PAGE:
The Senate FISA bill has many good components. We appreciate the serious work that has been done by Senator Rockefeller and Senator Bond. We have not seen the final product yet that came out of the markup. And so we need to see that before we comment further.
We are disappointed that the bill includes a sunset provision. We don't think that that's necessary. And we have strong concerns about one of the amendments that came out of the markup yesterday -- the Wyden amendment. That is one that we would like to see taken out of the bill. We don't think that it was intended to be in there, and I think the staff is working on that. And so we'll let that process play out.
But to the extent of anyone else being able to see the documents, I think that we'll wait and see to see who else is willing to include that provision in the bill.
Q Dana, could you talk about the Wyden amendment a little bit? What specifically --
MS. PERINO: Well, we haven't seen the final language, but as we understand it, we would have concerns because we would not be able to accept it. The Chair and the Vice Chair, Senators Rockefeller and Bond, I understand recognize the problem with the language and are in agreement that it needs to be changed.
It basically was, as I understand it, hastily drafted and agreed to, and it would, as an end result, take a step backwards beyond even before where we were when the original FISA bill was passed in 1978 in regards to targeting foreign intelligence overseas.
Q On the Mideast conference, if I may. Why does the President feel that we need to send Stephen Hadley when Secretary Rice just came back from the region?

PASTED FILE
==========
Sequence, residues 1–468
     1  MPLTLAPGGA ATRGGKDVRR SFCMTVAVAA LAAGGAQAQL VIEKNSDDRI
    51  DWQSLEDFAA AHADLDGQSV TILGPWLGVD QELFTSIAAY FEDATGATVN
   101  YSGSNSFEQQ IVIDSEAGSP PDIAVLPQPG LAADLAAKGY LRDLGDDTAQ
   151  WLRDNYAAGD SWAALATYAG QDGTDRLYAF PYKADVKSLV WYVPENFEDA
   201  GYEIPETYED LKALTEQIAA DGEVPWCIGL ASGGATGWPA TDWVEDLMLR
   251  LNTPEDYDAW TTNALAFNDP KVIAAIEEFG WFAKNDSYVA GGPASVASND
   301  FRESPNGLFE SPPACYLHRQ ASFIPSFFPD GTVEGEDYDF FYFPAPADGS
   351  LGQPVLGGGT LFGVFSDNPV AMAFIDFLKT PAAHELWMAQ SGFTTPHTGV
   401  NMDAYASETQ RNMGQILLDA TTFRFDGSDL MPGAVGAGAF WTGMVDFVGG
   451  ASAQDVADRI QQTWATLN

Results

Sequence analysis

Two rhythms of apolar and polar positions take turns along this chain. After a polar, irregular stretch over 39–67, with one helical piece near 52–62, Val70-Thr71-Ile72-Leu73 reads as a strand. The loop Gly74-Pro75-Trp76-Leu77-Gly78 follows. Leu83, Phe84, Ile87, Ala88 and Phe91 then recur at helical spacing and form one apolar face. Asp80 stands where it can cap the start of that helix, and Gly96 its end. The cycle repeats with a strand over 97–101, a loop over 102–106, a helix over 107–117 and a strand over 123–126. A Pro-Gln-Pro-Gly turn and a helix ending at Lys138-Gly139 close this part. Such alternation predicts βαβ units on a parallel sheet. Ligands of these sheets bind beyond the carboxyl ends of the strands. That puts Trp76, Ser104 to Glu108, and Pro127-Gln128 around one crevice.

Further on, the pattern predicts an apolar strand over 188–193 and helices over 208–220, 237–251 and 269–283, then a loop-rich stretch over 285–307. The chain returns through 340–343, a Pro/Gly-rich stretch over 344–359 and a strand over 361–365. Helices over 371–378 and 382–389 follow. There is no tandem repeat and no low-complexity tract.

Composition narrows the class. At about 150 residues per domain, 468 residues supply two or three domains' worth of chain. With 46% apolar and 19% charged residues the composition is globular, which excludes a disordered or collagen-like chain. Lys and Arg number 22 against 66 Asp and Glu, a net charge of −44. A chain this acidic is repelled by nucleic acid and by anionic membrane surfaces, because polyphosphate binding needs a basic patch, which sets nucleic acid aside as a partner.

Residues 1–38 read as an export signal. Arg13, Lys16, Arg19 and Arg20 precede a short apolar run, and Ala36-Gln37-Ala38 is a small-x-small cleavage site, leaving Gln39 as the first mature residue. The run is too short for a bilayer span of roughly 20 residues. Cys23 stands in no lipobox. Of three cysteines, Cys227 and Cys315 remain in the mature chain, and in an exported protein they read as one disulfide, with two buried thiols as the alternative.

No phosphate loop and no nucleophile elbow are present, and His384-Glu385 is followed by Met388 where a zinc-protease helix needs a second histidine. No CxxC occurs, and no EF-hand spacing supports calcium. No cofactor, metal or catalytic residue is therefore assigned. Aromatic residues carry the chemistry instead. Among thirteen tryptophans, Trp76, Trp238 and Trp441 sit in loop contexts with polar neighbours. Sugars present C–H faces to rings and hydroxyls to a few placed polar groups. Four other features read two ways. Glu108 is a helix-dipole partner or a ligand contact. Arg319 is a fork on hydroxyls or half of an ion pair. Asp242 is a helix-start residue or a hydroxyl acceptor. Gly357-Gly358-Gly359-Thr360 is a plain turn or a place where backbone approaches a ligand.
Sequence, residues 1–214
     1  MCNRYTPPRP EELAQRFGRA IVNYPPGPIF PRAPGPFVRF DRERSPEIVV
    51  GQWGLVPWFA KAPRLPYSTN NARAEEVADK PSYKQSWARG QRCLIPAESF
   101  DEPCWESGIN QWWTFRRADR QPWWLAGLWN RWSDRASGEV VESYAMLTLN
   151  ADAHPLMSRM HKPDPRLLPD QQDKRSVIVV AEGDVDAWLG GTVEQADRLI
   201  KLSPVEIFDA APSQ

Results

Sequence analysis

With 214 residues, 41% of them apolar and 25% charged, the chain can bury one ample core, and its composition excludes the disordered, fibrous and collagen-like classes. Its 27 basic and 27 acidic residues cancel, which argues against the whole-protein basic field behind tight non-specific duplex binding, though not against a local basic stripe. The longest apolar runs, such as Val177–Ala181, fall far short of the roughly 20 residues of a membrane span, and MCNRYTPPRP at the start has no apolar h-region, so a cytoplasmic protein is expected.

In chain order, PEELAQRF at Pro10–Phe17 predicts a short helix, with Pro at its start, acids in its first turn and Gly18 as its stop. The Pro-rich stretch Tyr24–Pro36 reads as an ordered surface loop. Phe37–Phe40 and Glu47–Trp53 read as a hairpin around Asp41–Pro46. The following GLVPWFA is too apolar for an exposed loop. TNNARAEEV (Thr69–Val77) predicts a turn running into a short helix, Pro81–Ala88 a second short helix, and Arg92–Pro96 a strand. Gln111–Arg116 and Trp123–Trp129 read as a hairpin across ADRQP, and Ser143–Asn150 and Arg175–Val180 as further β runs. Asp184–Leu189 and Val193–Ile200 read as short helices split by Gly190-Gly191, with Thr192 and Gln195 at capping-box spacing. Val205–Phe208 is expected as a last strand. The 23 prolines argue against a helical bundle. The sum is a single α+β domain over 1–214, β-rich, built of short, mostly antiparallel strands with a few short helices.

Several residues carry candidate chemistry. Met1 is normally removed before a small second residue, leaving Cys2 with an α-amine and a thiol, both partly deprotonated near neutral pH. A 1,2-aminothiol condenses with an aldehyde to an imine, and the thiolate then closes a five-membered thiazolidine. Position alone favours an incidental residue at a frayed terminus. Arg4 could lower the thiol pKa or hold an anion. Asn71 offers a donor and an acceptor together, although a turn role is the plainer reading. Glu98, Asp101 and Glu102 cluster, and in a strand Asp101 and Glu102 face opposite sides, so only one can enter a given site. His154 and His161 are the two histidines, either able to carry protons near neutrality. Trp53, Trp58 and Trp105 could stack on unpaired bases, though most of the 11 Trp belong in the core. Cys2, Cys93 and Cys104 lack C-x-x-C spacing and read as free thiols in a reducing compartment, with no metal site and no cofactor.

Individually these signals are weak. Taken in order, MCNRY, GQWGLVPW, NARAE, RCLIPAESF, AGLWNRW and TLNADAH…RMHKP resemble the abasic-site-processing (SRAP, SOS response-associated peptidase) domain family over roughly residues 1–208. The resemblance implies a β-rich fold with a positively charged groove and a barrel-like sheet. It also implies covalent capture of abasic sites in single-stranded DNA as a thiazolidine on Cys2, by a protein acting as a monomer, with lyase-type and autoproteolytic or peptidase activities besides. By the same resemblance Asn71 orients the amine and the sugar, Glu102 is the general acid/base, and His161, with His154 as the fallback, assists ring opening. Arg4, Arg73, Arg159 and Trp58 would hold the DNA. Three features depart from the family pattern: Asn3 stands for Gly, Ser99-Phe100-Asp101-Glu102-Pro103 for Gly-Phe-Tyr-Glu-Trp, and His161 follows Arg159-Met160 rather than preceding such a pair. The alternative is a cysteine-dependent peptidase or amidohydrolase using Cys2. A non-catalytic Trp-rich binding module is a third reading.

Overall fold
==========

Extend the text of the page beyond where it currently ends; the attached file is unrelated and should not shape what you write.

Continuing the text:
MS. PERINO: I'm sorry, I couldn't hear you, the first part?
Q Why does the President feel the need to send Stephen Hadley to the Middle East when Secretary Rice --
MS. PERINO: Well, Steve Hadley, even as Deputy National Security Advisor, had gone to the region many times in order to help try to bring the peace to the region. And he's going -- Steve Hadley is going in support of Secretary Rice's efforts. And as we have been talking about here, we're trying to get the building blocks together so that we have what we need in order to establish the dates for the meeting, the agenda for the meeting, and what we hope to get out of it.
So I think that the President looks forward to hearing back from Stephen Hadley when he gets back. It will be -- I think he leaves next Wednesday and he turns around -- I think he'll be back by the weekend.
Q Dana, what can you tell us about the President's get-together with the Vice President at this Eastern Shore?
MS. PERINO: Tomorrow? The President will have his first visit to the Vice President's Eastern Shore home in Maryland. I understand that on the menu are Maryland crab cakes. It's a social lunch that the President and Mrs. Bush will have with the Vice President and his wife, Lynne Cheney.
Q It's not duck-hunting season there, is it?
MS. PERINO: I don't think so. Crab-hunting -- crab-gathering? I don't know, I've never gone crabbing.
Q Thank you, Dana. Congressman Murtha says --
MS. PERINO: Congressman who?
Q Murtha, he says that we have fewer allies than before the Iraq war. Is that true, and does it matter?
MS. PERINO: I don't know what he was referring to. I think that the United States has allies all around the world; we're quite satisfied.
Q Yes, next month President Nicolas Sarkozy coming to visit President Bush. Can you please tell us a little bit about his visit? And how is -- how healthy is it, the relation between French and the United States?
MS. PERINO: The United States enjoys a great relationship with France, and the President is really looking forward to President Sarkozy coming to visit. There's going to be some events down at Mount Vernon, which we're really looking forward to. And there will be a dinner and a lunch, as well as a media availability where they can talk about what they discussed during their meeting. I think that there's a lot of things on the agenda, including Iran and possible additional sanctions for that country if they don't live up to their international obligations. And there's a range of issues that they can talk about. And the President is looking forward to the social aspect of it as well.
Q Thank you.
END 12:50 P.M. EDT